The bayfront in Newport sits along the Yaquina Bay and is a fishing port. It is a small stretch of shops and restaurants and a few seafood processing plants. It is quaint and charming and is also home to Mo’s Restaurant (and Mo’s Annex) which has excellent clam chowder and lots of seafood dishes. We were told by some people we met that there used to be a ferry taxi which would take you from the marina (where we were staying at the Port of Newport RV Park) to the bayfront. That would have been quite handy and nice to have.
Devil’s Punchbowl State Natural Area and Cape Foulweather
Devil’s Punchbowl is another natural area along the coast where the waves rush into a hollow rock that looks like a punchbowl. On winter stormy days it can be quite a sight.
Cape Foulweather (AKA Otter Crest State Scenic Viewpoint), which was named by Captain Cook, is a basalt outcropping about 500 feet above sea level. The day of his discovery the weather was quite stormy (winds can reach up to 100mph) and he aptly named the Cape after the bad weather. It has a gift shop (closed) and lookout points and beautiful views. Nearby is Rocky Creek State Park where we saw lots of whales out in the ocean. We hiked a short trail to Whale’s Cove nearby and didn’t see any whales. Obviously they don’t read the signs!! The trail was in a beautiful forest with magnificent views of the ocean below. We also drove down to Rocky Creek Bridge where there is a turnout and watched the whales from there.
Historic Nye Beach, located in Newport, is a long stretch of beach with lots of restaurants, shops, and lodging and is a very popular vacation spot. It has great beach access and a quaint charm and feel to it along with a rich history. Vacationers have been coming to Nye Beach since the late 1800’s and the area attracts not only surfers, crabbers, clam diggers, but artist and authors and students of natural science.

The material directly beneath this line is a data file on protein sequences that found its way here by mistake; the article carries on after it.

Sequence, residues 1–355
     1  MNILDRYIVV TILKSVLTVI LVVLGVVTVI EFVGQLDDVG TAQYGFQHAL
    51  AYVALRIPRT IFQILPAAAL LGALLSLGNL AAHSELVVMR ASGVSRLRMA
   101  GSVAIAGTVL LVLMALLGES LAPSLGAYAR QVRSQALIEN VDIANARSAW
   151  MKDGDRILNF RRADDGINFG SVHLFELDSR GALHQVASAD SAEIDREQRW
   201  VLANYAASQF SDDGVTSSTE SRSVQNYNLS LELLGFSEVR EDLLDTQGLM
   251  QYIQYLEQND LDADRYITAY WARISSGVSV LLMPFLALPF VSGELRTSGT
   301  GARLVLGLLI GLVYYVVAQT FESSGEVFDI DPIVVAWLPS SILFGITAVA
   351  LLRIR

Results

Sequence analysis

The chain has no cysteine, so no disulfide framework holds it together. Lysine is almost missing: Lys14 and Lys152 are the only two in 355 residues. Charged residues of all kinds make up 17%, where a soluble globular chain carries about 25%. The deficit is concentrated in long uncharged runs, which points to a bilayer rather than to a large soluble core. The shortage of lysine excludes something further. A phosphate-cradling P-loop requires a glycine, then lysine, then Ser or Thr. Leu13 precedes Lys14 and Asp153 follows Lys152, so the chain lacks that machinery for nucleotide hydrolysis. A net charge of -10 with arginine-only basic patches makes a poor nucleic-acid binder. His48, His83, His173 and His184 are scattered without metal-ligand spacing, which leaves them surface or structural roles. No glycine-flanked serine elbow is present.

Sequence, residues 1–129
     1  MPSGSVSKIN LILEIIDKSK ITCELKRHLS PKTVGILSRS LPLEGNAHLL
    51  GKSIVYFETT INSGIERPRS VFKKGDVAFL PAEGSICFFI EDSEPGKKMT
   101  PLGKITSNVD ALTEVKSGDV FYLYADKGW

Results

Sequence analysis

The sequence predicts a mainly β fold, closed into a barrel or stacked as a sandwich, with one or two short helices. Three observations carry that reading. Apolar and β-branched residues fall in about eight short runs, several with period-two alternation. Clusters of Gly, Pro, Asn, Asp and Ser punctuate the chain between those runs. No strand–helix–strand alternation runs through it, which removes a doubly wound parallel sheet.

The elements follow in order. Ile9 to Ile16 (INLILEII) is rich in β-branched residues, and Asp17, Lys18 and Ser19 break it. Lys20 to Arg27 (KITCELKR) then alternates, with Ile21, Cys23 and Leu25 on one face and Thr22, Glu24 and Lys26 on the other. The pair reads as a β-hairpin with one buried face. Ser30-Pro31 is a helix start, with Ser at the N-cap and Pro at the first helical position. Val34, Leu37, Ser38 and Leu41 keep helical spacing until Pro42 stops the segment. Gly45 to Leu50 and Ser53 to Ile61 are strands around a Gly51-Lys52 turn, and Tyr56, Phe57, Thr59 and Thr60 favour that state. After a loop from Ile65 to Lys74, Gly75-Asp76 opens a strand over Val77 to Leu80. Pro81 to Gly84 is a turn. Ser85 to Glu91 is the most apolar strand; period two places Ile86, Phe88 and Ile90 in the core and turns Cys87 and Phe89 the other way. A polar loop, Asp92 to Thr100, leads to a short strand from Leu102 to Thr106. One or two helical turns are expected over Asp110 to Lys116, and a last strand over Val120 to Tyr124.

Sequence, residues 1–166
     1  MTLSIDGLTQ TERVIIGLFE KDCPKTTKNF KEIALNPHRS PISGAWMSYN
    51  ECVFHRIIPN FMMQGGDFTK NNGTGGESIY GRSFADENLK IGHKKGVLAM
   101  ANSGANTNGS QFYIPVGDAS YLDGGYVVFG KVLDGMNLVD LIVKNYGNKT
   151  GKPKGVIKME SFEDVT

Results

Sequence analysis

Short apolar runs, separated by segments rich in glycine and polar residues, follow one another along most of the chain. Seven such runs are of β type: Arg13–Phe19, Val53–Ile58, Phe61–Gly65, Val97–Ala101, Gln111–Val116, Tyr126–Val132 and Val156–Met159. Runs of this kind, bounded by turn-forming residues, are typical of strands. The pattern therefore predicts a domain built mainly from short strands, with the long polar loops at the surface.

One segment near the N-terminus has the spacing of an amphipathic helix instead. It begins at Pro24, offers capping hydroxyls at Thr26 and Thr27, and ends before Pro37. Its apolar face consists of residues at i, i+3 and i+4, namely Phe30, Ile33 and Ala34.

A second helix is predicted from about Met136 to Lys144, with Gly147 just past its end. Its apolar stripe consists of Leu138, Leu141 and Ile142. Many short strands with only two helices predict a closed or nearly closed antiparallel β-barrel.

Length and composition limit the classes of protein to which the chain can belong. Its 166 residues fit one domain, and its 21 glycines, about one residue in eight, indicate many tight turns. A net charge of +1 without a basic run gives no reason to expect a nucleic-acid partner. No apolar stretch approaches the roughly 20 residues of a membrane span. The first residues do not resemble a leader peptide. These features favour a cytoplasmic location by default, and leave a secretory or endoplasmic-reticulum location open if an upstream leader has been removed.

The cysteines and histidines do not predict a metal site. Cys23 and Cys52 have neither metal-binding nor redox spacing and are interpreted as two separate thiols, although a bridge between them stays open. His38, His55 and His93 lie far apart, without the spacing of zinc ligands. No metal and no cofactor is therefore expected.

Yachats – Seal Rock
Yachats (pronounced Ya-Hots) is a small coastal town in central Oregon with a relatively mild climate throughout the year. It hosts a variety of events throughout the year along with lots of room to explore with hiking, biking, and water sports. Seal Rock is a great stretch of beach with beautiful views and lots of wave activity along with lots of potential for bird watching and seal watching.
Yaquina Bay State Recreation Site
This recreation sites sits along the outlet of Yaquina Bay to the Pacific Ocean. It offers picnic tables, trails, and viewpoints along with the historic Yaquina Bay Lighthouse built in 1871. It is no longer an active lighthouse and was only used for 3 years due to the larger Yaquina Head Lighthouse which was built in 1873.
Yaquina Head Lighthouse
Yaquina Head Lighthouse is a few miles north of Yaquina Bay Lighthouse and is the tallest lighthouse in Oregon. It was made in Paris and shipped to Oregon in 1863. There are lots of steps down to Cobble Beach which has great tide pools at low tide. We were there exactly at low tide but the weather had been stormy recently so even at low tide there weren’t any tide pools. The ocean was still a bit grumpy from the recent storm.
The waves along the cobble rocks make quite the noise as the waves retract as they clank against each other.
The area is home to a number of seals who poke their heads out of the water constantly to stare at the strange creatures walking the beach (ha, ha).
Newport is a great area and we love to visit and hope to return soon!